introduction to qualitative

Coursework assignment

Answer ONE of the following questions. You have a maximum of 4000 words (including figures, tables etc, but excluding references). You should reference in the Harvard style.

  1. Predictive success is often cited as the most important indicator of the validity of a theory in the natural sciences. Should social scientists also attach so much weight to predictive success? Critically explore the case for and against this position.
  2. "Empirical material is an artifact of interpretations and the use of specific vocabularies." (Alvesson & Karreman, 2007). Drawing on relevant literature, say why you agree or disagree with this statement. If it were true, what would the implications be for research work?
  3. 'The story of our life is never an autobiography, always a novel…Our memories are just another artifice' (Julian Barnes, in Silverman 2007, p.45). Drawing on literature on research interviews, say why you agree or disagree with this statement. If it were true, what would the implications be for research work? 
  4. King, Keohane and Verba (1994) claim that "the differences between the quantitative and qualitative research traditions are only stylistic and are methodologically and substantively unimportant". Present an argument EITHER in support of, OR against, their position.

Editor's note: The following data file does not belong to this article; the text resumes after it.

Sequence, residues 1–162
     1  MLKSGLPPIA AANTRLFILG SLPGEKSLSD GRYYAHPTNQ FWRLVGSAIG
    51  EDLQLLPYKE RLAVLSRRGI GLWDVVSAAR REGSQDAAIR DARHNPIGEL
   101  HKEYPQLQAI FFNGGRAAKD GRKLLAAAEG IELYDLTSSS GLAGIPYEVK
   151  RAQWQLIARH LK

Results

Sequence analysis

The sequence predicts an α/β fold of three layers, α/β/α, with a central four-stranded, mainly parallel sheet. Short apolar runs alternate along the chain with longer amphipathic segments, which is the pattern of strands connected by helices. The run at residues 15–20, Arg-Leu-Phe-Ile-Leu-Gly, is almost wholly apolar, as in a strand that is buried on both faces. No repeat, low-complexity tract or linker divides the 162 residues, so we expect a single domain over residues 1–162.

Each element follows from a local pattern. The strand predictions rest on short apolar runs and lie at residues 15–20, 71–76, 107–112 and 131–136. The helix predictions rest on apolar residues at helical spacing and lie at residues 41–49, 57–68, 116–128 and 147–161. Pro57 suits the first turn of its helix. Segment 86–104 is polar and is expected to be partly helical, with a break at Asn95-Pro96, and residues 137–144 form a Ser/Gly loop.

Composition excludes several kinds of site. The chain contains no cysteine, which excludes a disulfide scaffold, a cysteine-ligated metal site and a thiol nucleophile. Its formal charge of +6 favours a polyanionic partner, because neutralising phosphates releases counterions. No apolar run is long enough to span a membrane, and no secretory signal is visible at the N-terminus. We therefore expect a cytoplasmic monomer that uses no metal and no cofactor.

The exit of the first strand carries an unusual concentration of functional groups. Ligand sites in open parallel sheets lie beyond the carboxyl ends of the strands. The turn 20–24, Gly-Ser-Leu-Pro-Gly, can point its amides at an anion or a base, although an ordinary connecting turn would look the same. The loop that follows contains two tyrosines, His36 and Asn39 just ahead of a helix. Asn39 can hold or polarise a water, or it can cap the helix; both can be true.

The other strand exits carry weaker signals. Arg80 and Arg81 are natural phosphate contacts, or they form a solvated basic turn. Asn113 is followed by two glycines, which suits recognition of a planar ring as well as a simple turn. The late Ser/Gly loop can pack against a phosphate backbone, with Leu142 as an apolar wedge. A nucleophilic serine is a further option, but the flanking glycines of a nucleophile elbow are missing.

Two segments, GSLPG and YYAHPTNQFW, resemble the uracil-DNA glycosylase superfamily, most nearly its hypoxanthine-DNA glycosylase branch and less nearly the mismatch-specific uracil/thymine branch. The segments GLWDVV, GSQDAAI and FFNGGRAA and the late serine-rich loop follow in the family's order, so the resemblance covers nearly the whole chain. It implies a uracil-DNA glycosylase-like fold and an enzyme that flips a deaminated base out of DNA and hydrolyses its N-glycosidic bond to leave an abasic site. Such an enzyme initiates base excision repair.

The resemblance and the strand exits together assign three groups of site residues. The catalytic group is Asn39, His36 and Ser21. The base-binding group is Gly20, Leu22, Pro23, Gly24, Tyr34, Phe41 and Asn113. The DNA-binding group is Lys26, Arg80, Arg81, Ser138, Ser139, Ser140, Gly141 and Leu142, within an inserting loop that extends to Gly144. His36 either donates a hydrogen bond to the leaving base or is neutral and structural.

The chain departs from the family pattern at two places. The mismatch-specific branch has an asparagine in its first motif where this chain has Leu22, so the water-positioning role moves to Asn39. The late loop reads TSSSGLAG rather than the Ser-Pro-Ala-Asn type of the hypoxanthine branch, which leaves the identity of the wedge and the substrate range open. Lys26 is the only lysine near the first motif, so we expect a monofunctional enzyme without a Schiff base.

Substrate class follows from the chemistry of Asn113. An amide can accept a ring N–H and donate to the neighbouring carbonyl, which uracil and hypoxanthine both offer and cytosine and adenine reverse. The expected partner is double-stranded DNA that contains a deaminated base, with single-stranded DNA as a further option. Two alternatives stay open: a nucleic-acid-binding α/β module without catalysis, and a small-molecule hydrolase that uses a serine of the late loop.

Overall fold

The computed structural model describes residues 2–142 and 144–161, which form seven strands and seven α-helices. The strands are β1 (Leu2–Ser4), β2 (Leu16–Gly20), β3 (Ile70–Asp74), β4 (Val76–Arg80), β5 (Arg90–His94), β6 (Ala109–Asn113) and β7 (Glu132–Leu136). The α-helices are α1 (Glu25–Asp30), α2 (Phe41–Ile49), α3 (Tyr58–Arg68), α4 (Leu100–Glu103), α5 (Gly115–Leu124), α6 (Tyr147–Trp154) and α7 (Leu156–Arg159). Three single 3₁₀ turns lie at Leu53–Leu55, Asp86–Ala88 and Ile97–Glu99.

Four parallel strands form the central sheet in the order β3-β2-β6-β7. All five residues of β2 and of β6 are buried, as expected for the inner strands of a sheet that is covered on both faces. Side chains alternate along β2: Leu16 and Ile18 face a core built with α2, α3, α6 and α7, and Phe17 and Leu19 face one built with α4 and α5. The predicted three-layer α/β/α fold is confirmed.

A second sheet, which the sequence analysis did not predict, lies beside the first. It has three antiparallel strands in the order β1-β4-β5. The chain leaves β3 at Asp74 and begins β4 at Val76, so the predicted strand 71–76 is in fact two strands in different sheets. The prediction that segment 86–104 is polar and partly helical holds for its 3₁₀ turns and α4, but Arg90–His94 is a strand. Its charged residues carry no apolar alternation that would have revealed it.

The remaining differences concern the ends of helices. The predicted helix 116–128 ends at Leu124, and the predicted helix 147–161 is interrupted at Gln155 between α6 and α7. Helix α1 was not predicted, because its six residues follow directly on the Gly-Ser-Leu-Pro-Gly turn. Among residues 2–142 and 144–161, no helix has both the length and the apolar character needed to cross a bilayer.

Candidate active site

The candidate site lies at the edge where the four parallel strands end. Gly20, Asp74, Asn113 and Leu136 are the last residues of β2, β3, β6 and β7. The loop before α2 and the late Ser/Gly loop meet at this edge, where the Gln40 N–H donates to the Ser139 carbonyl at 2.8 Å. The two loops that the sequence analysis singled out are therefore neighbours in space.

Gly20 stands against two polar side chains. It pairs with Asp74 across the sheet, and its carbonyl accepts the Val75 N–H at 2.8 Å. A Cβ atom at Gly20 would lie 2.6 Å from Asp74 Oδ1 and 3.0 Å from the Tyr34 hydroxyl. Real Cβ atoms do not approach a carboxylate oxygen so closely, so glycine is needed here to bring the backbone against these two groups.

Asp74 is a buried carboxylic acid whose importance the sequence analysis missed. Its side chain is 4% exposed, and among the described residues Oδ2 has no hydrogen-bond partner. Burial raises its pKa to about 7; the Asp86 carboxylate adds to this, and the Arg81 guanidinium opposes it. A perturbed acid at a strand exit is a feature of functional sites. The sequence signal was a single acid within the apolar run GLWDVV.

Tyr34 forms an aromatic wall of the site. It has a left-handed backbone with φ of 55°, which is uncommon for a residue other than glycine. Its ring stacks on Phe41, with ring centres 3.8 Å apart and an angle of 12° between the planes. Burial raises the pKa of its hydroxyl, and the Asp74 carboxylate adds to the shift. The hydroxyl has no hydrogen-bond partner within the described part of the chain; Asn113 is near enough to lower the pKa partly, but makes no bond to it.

5. Can ethnography produce true accounts? If not, what sorts of accounts should it aim to produce, and how might this affect the way that accounts are written? 
  6. Drawing on examples, contrast how ethnographers and conversation analysts render the courses of action that unfold in front of them.
  7. Drawing upon a tradition of discourse analysis, introduce its procedures and then produce an empirical treatment of a single document.
  8. Is the distinction between 'naturally occurring' and 'manufactured' data useful? (50%) Informed by this discussion, critically evaluate the usefulness and distinctiveness of video recordings as data (50%).

 

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